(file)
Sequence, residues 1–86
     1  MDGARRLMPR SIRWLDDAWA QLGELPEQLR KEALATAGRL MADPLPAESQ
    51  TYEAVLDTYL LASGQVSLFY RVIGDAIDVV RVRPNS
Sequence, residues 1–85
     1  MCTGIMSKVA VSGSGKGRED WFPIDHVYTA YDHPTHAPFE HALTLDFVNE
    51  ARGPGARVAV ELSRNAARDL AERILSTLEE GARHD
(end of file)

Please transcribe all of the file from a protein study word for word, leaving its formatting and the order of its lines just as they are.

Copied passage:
Sequence, residues 1–86
     1  MDGARRLMPR SIRWLDDAWA QLGELPEQLR KEALATAGRL MADPLPAESQ
    51  TYEAVLDTYL LASGQVSLFY RVIGDAIDVV RVRPNS
Sequence, residues 1–85
     1  MCTGIMSKVA VSGSGKGRED WFPIDHVYTA YDHPTHAPFE HALTLDFVNE
    51  ARGPGARVAV ELSRNAARDL AERILSTLEE GARHD